Patrick Reed admitted it was a dream come true to win the Masters, despite his Augusta connections not being enough to make him a crowd favourite.
Reed carded a final round of 71 to hold off the challenge of Ryder Cup team-mates Rickie Fowler and Jordan Spieth and claim his first major title.
The 27-year-old from Texas helped Augusta State win two NCAA titles and his parents still live in the area.
But he has been estranged from them for several year and was described by his sister Hannah as a “selfish, horrible stranger” in a Facebook post in 2016.
Asked if his win was bittersweet because he would not be sharing it with his parents and sister, Reed would only respond: “I’m just out here to play golf and try to win golf tournaments.”
But he admitted he used the popularity of playing partner Rory McIlroy with the galleries to his advantage on a pulsating final day.
“I walked up to the first tee and had a really welcoming cheer from the fans, but then when Rory walked up to the tee his cheer was a little louder,” Reed said.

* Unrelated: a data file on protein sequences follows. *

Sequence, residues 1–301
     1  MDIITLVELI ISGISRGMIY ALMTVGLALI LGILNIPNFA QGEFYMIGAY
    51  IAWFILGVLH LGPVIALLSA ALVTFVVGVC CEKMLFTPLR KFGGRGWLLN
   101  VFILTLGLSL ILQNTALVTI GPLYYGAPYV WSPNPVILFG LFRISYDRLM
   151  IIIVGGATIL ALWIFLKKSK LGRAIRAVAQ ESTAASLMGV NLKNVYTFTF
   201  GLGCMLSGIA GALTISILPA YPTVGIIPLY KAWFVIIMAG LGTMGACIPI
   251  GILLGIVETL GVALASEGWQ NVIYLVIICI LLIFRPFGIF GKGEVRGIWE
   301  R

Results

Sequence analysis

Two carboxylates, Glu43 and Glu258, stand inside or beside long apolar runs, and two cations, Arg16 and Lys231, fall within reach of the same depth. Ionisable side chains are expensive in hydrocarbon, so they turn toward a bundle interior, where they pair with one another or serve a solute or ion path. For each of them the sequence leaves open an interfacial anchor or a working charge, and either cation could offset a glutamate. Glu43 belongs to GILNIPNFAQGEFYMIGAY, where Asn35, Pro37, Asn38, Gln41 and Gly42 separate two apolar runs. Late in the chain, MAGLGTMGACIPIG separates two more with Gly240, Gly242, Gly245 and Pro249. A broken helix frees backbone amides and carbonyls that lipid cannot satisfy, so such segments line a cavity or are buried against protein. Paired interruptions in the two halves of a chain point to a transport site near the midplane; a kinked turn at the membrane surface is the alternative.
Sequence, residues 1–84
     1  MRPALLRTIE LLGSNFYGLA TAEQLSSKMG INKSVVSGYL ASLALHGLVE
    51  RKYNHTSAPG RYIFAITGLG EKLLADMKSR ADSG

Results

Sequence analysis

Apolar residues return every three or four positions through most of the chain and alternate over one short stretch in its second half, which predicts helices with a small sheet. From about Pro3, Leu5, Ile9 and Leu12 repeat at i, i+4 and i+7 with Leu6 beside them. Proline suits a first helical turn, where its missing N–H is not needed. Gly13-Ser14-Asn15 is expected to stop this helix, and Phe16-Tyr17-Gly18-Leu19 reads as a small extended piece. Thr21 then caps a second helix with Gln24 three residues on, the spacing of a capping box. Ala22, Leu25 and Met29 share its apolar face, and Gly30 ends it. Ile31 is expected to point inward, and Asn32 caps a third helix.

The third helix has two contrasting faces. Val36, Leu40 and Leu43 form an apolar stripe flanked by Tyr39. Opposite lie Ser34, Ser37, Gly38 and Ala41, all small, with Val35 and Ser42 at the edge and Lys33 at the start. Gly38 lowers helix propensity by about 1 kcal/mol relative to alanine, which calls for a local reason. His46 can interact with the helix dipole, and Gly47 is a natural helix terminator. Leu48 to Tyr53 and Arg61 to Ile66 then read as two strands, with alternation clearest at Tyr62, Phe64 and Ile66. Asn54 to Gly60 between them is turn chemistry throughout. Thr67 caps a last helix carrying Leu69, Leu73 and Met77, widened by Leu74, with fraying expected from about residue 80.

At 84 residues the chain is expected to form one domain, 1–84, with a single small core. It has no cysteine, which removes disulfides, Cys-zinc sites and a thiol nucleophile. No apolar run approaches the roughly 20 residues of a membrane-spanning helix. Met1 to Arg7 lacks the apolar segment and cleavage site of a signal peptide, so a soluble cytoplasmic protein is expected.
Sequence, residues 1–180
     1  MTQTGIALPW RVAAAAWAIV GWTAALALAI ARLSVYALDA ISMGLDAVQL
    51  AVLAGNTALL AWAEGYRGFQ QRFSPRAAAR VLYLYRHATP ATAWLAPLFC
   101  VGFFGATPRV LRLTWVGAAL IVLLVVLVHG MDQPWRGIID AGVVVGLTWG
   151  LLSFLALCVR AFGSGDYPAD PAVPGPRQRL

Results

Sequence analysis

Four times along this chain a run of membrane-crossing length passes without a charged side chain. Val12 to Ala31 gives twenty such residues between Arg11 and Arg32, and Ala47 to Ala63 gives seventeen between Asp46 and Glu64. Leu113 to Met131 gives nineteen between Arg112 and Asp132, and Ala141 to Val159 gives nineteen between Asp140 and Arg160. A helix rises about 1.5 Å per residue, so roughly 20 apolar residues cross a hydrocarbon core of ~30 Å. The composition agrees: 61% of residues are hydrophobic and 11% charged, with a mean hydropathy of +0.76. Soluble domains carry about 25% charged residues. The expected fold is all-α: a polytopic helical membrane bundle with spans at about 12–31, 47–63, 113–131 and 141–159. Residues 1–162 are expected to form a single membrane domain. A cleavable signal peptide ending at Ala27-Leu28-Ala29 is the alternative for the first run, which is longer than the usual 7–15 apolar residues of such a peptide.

“But that’s another thing that just kind of played into my hand. Not only did it fuel my fire a little bit, but also, it just takes the pressure off of me and adds it back to him.
“For me trying to win my first major, for him trying to win the career grand slam, it’s about who is going to handle the pressure and who is going to have more pressure on them.
“Growing up, everyone always dreamed about winning Augusta, winning the Masters. Every time you think about it as a kid, it’s always ‘This putt’s to win the Masters.
“I think that’s just because of the history and everything that’s gone on here at Augusta National and how special it is to all the golfers and special it is to just golf in general around the world.”
Reed saw his three-shot lead cut to a single stroke after just two holes, but held his nerve and carded crucial birdies on the third, seventh, 12th and 14th, the latter edging him back in front after Spieth tied the lead with his ninth birdie of the day on the 16th.
“I knew it was going to be tough, any time trying to close off a golf tournament is really hard but to close off your first major and to do it to a place that’s so close to me being where I went to college,” he said.
“I knew the lead would shrink at some times, and the lead could grow – it’s just the flows of golf, you have to know how to handle it and the way I could get that done was to make sure the putter was working.
“It’s almost impossible to put into words. Just to make par on the last and to watch the ball go in the hole and know that I’ve won my first major. To finish off that drought meant so much to me.”